Also, if you're rotating the graph in real-time, don't rotate the points a degree, plot, and rotate another degree and plot, and so on.

      Save the original set of points. Rotate them one degree and plot. Throw those results away, start with the original set and rotate them two degrees and plot. Repeat, rotating only the original set each time. You'll save a lot of trouble from accumulating floating point errors.
    • I take it that 3rd point is the equivalent of projecting 'the 3d' to the 2d plane of the monitor?
  • dim ymax(screenwidth),ymin(screenwidth)
    For xtemp = xlower to xupper step xincr
    for ytemp = ylower to yupper step yincr
    compute z=f(xtemp,ytemp)
    if yymax(x) then plot x,y : ymax(x) = y
    next ytemp, xtemp

    Adjust your viewpoint for your 3D to 2D matrix so it plots from front to back.

    Algorithm comes from an old book on doing 3D on an Apple ][ - it wasn't too hard to convert it to work on a TRS-80 Model I or a CoCo.
  • I just looked at the GNUPlot page, and regardless of what anyone else says, I don't think it should be too difficult to code at all, at least the grid stuff like near the top of that page. The reason - it's all drawn without perspective, which means a little vector math tells you where to put each point. You might be a bit foolish to try to hand-code something substantial with perspective, but orthogonal projections are straightforward.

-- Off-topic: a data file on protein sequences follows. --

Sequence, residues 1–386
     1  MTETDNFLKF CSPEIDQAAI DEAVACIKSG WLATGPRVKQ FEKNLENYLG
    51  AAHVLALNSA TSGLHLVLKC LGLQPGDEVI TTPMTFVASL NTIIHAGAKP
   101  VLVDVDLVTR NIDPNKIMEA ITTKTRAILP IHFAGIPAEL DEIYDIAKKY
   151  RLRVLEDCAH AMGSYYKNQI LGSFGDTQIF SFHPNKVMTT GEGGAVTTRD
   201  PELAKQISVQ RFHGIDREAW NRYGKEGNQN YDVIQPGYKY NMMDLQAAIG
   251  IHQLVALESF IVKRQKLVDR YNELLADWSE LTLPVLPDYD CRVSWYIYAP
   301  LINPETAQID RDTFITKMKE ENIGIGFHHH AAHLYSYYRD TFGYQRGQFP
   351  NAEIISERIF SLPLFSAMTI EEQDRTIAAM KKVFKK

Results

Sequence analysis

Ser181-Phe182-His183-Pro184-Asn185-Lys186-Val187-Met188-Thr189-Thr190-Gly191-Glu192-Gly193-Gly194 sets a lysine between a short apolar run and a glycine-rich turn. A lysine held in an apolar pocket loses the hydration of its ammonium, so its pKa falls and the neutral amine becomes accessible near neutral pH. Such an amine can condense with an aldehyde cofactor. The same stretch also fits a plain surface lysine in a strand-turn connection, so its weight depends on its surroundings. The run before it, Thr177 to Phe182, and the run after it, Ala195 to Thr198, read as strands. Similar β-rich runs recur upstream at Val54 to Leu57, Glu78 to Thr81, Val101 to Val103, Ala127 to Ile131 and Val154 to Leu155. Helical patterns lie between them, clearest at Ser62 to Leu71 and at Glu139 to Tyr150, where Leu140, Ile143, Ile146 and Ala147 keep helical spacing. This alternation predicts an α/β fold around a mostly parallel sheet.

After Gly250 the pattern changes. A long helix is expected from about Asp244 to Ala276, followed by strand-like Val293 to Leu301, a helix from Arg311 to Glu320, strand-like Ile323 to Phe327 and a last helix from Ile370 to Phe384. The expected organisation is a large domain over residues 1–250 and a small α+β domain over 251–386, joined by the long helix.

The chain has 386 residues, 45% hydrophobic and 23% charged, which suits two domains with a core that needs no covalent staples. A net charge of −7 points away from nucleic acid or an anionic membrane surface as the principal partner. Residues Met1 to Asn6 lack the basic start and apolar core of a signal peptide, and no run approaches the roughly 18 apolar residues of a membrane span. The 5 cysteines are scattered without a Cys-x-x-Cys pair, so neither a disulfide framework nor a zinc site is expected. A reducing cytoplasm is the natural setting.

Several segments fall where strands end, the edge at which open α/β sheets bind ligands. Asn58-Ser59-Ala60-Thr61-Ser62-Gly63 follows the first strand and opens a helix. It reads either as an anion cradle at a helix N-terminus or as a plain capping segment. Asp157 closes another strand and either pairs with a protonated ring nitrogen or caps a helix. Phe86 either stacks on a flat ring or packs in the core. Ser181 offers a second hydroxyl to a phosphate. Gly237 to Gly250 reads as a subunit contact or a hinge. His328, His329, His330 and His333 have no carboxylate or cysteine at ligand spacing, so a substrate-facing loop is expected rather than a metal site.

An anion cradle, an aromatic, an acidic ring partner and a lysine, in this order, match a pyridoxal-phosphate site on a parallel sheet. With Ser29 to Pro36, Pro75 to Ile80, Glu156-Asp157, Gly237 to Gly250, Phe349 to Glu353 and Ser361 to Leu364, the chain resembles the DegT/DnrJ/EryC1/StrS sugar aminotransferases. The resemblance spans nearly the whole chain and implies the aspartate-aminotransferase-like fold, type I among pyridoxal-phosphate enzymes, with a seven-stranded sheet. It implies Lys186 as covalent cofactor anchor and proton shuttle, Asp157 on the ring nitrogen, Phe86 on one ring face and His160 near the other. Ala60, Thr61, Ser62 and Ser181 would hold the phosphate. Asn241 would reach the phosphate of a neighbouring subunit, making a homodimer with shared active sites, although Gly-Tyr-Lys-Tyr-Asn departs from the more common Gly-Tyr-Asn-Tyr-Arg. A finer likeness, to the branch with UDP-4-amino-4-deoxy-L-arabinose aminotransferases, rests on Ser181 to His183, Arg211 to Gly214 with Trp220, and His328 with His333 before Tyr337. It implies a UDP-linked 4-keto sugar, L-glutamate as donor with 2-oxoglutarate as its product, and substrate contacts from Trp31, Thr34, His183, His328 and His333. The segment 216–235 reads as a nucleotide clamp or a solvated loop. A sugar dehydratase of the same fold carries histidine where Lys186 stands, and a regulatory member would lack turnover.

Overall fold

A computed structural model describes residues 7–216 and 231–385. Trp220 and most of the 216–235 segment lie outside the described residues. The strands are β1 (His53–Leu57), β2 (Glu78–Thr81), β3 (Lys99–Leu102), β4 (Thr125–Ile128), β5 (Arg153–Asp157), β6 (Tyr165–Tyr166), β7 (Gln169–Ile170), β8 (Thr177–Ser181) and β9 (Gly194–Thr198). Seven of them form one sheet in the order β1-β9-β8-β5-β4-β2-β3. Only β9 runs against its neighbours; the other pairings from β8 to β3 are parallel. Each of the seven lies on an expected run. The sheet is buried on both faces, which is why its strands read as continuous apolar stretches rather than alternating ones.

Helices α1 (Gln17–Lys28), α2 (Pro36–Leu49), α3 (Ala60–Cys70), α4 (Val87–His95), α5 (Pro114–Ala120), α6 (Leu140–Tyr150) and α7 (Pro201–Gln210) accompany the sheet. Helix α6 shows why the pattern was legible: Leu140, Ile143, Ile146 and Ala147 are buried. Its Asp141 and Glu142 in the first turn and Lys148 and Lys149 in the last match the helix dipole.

Here's what you need to do. First, figure out what a unit in the X
  • Read a book (Score:5, Informative)

    by jlarocco ( 851450 ) on Monday July 24, 2006 @02:42AM (#15768103) Homepage

    Hate to disappoint you, but you're probably not going to find a tutorial and code that conveniently meets your requirements. For starters, eliminating OpenGL and D3D is going to remove a large number of tutorials, simply because it doesn't make sense for most people to roll their own rendering code.

    Your best bet would be to look through "Computer Graphics: Principles and Practice" by Foley, van Dam, Feiner and Hughes. It covers a large number of topics, in enough detail to get a good idea of how to get started and where to look for more information. Also "Real-Time Rendering" by Tomas Möller and Eric Haines. Despite the name, a large portion of the book is applicable to almost all computer graphics, not just real-time. Also, a book on linear algebra would probably be helpful.